In Remembrance of P&S
I have been given the opportunity to say a few words about my experience at the College of Physicians and Surgeons. This covers the dates of September 1957 to June 1961. The events during that period totally changed my life. To put this in perspective, up to that time I had lived my life in rural Minnesota. I had lived in a town of about 7,000 people and had always been in the majority. In that town, there had been two families of Jewish ancestry and no people of color. I was a WASP, i.e. White-Anglo-Saxon-Protestant. My college experience at Carleton had been somewhat different but not much. I was married a week before heading out for medical school and New York City. That marriage has thrived for more than 59 years. I like to tell people that I do not know whether I learned more from New York City or from medical school. Both were EXCITING!
Once my wife and I had arrived in NYC, we were looking for an apartment. This process taught me early on that I was now part of the minority. We weren’t even second but third. This was one of the most valuable lessons I thoroughly learned in those four years. Working with African-Americans, Puerto Ricans in the various NYC hospitals, especially Bellevue, certainly changed how I would work with patients in the minority once I returned to Minnesota.
The first Saturday in my medical experience was mind boggling! I attended my first Clinical Pathological Conference. I still remember the case. The patient had reportedly been part of a family that had a history of hereditary hemorrhagic telangiectasia in some of its members. The patient had presented coughing up large amounts of blood. He was deteriorating rapidly and developed a cardiac arrest. At that point, the professor/physician taking care of him medically performed mouth-to-mouth resuscitation but to no avail and the patient expired. I do not recall what the professor discussing the case gave as the most likely diagnosis, but I do remember that the pathological diagnosis was cavitary tuberculosis. That was the source of the hemorrhage. Fortunately, there was adequate treatment for tuberculosis at that time.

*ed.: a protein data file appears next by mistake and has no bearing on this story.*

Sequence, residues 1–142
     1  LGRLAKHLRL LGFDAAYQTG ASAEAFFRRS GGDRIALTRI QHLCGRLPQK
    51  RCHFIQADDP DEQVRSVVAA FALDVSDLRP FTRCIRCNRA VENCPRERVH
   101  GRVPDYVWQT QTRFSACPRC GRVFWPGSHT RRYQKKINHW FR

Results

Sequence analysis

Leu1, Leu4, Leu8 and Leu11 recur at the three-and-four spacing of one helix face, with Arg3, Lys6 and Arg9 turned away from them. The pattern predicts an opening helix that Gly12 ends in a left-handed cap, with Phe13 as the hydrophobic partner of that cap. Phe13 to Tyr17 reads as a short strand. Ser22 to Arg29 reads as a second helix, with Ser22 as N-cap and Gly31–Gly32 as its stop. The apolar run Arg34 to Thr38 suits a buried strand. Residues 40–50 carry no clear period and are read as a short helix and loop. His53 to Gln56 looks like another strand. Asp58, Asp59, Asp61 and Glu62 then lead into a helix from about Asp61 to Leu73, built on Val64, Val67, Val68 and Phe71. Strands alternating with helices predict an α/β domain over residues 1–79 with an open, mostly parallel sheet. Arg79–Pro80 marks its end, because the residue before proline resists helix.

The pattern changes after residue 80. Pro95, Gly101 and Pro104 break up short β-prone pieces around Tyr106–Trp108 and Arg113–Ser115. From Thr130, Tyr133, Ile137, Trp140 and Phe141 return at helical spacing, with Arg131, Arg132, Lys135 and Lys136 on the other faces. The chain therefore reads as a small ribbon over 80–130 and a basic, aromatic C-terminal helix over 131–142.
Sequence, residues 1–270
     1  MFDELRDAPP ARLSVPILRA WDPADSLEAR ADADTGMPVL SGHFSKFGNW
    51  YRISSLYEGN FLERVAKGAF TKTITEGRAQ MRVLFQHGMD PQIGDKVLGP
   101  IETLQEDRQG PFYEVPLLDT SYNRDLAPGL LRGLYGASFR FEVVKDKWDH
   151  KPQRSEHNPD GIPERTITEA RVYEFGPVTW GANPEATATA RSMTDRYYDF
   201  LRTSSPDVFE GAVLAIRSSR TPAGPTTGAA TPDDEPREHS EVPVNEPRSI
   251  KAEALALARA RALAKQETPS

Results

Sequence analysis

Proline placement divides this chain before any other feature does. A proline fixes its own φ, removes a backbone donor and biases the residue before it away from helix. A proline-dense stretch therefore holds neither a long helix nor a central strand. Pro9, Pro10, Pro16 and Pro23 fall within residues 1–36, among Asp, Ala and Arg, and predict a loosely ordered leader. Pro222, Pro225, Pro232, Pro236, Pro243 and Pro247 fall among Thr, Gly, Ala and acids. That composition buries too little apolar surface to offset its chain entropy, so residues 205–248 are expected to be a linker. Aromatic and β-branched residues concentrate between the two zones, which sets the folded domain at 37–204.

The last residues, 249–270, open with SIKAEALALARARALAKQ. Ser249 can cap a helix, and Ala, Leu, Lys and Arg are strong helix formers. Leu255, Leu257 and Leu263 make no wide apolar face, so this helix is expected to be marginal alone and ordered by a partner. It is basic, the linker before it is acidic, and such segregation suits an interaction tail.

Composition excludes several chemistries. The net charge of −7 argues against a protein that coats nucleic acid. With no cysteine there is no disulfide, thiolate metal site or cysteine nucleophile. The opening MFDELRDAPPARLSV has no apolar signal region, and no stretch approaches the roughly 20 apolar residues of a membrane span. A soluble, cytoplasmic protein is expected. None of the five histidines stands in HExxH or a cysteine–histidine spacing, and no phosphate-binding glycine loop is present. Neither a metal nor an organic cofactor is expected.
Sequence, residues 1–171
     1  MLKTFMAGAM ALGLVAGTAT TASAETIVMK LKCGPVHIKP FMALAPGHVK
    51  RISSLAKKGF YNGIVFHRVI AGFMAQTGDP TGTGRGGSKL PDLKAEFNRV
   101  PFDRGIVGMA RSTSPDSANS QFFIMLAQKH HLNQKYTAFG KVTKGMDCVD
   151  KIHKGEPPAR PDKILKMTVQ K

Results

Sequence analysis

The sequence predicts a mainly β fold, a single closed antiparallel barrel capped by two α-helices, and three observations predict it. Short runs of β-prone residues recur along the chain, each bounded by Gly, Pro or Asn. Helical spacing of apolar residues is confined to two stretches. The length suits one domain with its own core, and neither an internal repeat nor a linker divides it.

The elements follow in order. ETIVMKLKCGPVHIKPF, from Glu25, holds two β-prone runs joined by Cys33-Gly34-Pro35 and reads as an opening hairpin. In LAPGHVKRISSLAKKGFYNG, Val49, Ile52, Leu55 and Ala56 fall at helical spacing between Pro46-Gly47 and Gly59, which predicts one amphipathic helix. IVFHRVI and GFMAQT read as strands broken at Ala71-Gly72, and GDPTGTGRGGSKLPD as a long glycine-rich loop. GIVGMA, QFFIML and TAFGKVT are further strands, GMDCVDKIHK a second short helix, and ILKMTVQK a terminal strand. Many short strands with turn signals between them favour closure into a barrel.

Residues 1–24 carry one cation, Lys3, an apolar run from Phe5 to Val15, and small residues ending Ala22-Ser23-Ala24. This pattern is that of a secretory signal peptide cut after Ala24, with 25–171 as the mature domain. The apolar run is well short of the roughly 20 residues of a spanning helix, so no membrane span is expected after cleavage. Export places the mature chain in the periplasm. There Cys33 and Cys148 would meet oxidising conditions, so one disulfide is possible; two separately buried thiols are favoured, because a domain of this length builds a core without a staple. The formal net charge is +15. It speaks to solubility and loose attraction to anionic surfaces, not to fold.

Another case taught us the importance of the careful recording of an accurate history. This involved a young mother who had brought her infant to Babies Hospital. The diagnosis of scurvy was quickly made. However, it was not obvious why the infant had this condition. The mother and her child were living in a nice apartment in the back of Carnegie Hall. She also reported giving the child orange juice almost daily. Not until the fourth medical student questioned her did we learn that the mother, to be certain that the orange juice was sterile, boiled the juice before giving it to her infant.
Throughout the last two years at P&S, I had the privilege of spending several months at Bellevue. The place was incredibly bad in terms of bricks and mortar. There was almost total lack of privacy with the huge wards and only sheets hung like curtains between the beds. It was not unusual for patients to die during the night, only to be discovered when they didn’t sit up and eat their breakfast. However, the teaching that took place at Bellevue made it all worthwhile. Drs. Cournand and Richards were amazing. They had won their Nobel Prize in 1956 having been the first to successfully catheterize the heart. However, the most impressive thing for me was when their patients would come to the Bellevue clinic to allow medical students to listen to their damaged heart valves. They came because Dr. Cournand or Richards had asked them to come. I still remember the comment made by Dr. Richards who stated that the most important part of the examination by a stethoscope was the fact that it got the doctor within 12 inches of the patient. I still recall many of the cases I saw at Bellevue 57 years ago.
We had some outstanding professors who were very interested in teaching. Several examples stood me in good stead years later. I don’t recall the name of the orthopedic surgical professor who told us about a patient he had had who was playing handball and crashed into the wall, causing a hip fracture. However, the two ends of the fractured bone had wedged together and the patient had walked into his office with a broken hip. I had use for that knowledge more than once in the future, making the diagnosis of a hip fracture in a patient able to walk into my office.
While I could go on with other stories involving patients and what they taught me, I think the point has been made. However, there is still the life-changing experience of living in NYC. We were there when Nikita Khrushchev attended a session at the United Nations and pounded his shoe on his desk in exasperation. Why would he do this? Apparently, he had expected to be able to announce that Russia had a man in space, but instead the so-called astronaut had landed in the ocean off the coast of Vladivostok. Another memorable event was during the last quarter of my medical school experience when I was on the obstetric rotation. We medical students were in competition for delivering babies with the mid-wives who were also in training. I stepped out on to the south-facing porch looking down the Hudson River. At the end of the Hudson there were many fireboats spewing their firehoses into the air. Many other boats were running their sirens full-blast and any boat that would get out from the docks was doing so to welcome Sir Winston Churchill who was arriving on the Onassis yacht.